James Balmforth's

Art review: Open Heart Surgery, The Moving Museum, London

The title of this exhibition refers not to a theme of blood-thirsty conceptualism, but the intimate, delicate nature of the artworks included. Art is indeed a painful process, involving much inner probing.

'Untitled, 2010' by Louse Bourgeois, an artwork in her exhibition at the Scottish National Gallery of Modern Art

Art review: Louise Bourgeois - A Woman Without Secrets

French-born New Yorker Louise Bourgeois (1911-2010) is perhaps the greatest female artist of the 20th century. She is also one of the greatest artists full-stop, but her work is powerful because it expresses the hunger and ferociousness of a particularly female kind of experience.

'Seated Male, holding left knee, left profile', by CJ Natoire

Art review: The Male Nude, The Wallace Collection, London

The male nudes in the Wallace Collection’s new exhibition display  a painstaking proficiency, but they’re unlikely to arouse much passion, says Adrian Hamilton

A woman looks at Cupola by Victor Sydorenko at the preview of the new Contemporary Ukrainian Artists exhibition

Art review: Contemporary Ukrainian Artists, Saatchi Gallery, London

What does Ukrainian art bring to mind? Walking around this exhibition of miscellaneous contemporary artists, two themes are noticeable: first, the image of people watching disaster unfold, impassive. Second, the image of muscular bodies falling gracefully through space.

‘The Last of Old Westminster’ (1862)

The river runs deep: Whistler in London

A new exhibition of Whistler’s etchings and paintings of the Thames displays his extraordinary talent for capturing the atmosphere and bustle of life in 19th-century London, says Adrian Hamilton

Review: Paul Klee, Tate Modern

What is it? The EY Exhibition at Tate Modern, which provides a thorough, in-depth look at the popular Modernist artist, taking a chronological long-view.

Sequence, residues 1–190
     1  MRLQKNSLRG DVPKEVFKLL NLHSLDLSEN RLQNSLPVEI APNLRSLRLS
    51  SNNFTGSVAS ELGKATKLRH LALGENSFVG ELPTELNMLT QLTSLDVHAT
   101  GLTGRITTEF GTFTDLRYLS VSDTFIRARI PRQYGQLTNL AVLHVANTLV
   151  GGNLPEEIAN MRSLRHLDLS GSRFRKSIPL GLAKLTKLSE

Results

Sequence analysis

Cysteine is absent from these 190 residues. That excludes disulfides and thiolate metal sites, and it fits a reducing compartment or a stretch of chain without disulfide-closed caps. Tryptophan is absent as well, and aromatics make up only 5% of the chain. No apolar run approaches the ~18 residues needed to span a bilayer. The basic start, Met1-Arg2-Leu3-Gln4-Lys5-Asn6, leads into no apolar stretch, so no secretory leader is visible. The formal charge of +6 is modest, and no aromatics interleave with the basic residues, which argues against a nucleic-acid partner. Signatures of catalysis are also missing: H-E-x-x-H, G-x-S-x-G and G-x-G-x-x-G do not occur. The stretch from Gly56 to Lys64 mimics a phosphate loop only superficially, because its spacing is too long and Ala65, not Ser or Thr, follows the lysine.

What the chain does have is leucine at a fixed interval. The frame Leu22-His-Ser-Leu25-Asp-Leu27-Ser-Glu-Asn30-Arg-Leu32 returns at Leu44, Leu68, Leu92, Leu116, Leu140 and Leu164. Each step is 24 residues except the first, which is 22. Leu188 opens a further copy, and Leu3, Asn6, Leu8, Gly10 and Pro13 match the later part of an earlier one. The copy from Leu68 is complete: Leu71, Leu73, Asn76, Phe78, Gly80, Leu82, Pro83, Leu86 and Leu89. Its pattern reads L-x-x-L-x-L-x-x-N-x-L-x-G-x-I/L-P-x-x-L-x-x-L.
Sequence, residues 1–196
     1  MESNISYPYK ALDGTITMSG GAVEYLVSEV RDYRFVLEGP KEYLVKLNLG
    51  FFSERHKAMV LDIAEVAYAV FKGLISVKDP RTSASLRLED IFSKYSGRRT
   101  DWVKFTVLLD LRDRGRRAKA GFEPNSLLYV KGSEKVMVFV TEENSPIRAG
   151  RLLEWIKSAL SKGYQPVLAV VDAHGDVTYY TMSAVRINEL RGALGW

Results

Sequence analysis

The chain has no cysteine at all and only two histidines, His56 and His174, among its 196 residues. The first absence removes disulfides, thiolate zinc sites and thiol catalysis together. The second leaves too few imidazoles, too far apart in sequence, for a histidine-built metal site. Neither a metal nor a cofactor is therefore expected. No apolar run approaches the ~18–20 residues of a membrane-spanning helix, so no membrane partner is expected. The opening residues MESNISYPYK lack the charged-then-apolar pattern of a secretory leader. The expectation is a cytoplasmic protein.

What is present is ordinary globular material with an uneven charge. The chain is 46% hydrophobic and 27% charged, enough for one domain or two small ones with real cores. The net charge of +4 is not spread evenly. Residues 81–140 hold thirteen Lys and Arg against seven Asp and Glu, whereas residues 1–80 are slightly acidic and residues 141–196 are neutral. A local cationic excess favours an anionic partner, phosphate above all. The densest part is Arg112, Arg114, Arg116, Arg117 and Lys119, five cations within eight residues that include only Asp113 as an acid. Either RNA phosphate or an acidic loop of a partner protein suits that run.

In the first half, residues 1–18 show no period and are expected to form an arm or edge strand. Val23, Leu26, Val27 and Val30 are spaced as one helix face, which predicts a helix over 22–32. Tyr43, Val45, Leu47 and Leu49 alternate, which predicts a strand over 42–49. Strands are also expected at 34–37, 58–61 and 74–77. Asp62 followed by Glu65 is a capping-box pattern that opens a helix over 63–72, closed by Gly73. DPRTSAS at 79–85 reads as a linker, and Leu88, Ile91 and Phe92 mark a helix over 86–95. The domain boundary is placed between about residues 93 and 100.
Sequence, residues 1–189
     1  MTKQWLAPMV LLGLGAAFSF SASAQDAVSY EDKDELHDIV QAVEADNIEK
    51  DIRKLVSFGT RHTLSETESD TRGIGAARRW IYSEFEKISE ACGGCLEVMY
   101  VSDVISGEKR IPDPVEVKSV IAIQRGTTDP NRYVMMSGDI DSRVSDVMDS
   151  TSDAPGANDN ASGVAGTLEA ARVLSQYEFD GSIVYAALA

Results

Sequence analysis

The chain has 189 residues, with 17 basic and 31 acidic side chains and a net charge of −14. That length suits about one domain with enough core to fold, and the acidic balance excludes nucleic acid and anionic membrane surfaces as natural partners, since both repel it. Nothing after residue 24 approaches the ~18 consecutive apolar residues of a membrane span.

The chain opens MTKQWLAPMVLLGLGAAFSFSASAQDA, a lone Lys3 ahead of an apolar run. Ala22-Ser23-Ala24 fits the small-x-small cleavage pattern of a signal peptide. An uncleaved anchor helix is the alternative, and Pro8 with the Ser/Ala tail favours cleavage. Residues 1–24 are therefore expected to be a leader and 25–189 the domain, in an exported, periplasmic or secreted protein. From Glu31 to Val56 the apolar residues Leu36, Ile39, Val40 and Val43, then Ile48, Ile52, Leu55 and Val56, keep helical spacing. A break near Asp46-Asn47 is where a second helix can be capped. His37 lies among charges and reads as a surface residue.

Anna Fox, Country Girls 1999. From the series Country Girls 1996-2001.

Arts review: Alison Goldfrapp- Performer as Curator

Alison Goldfrapp's curated exhibition offers an interesting opportunity to get inside the mind of an undeniably serious talent

James Cauty, The Aftermath Dislocation Principle Parts I and II

Art review: James Cauty, The Aftermath Dislocation Principle Parts I and II

When you walk into this gallery under the arches of Hoxton Station, you are confronted by a spectacle in the best sense. The Aftermath Dislocation Principle Part I (2013) is a large installation of a post-apocalyptic Britain in which all the familiar signs of civilization have been ravaged.

Andy Warhol's Vote McGovern, 1972

Art review: Andy Warhol - Pop, Power & Politics

A new exhibition at the Scottish Parliament brings together a freshly-curated cross-section of Warhol's supposedly political works

‘Gregory’ (1974)

David Hockney's first brushes with genius

Not all of his early works are masterpieces, says Michael Glover, but a new show offers an intriguing glimpse of a young Yorkshire artist urgently developing a style of his own

Art Review: Shunga: sex and pleasure in Japanese art

British Museum, London

The Billy Boys, 1994, Jack Vettriano

Art review: Jack Vettriano - A Retrospective

A DIY show of dead eyes and decoys

George Grosz, Nieder mit Liebknecht (Down with Liebknecht), 1918

Art review: Georg Grosz's Berlin - Prostitutes, Politicians and Profiteers

This is the first substantial London show of works on paper by the great, Berlin-born political satirist Georg Grosz in twenty years, and, oddly, it is being staged in a private gallery. What is more, the show of 50 works is a major loan exhibition – none of the paintings of drawings is for sale. What's in it for the gallery? 'We got a call from a collector the other day, offering us works by Grosz,' Richard Nagy tells me. So there you have it.

Art review: Yayoi Kusama, White Infinity Nets

What is obsession? Japanese artist Yayoi Kusama, now 84, has been making the Infinity Net series for more than half a century – delicate white nets painted onto large canvases. They appear to be both a symptom of the mental illness that has dogged her since childhood, and a sign of her continuing power to overcome it through art.

Artwork 'Au Naturel' by British artist Sarah Lucas

Art review: Sarah Lucas, Situation - There are boobs and bum aplenty, but there is also a point

Zoe Pilger reviews feminist artist Sarah Lucas's first major solo exhibition

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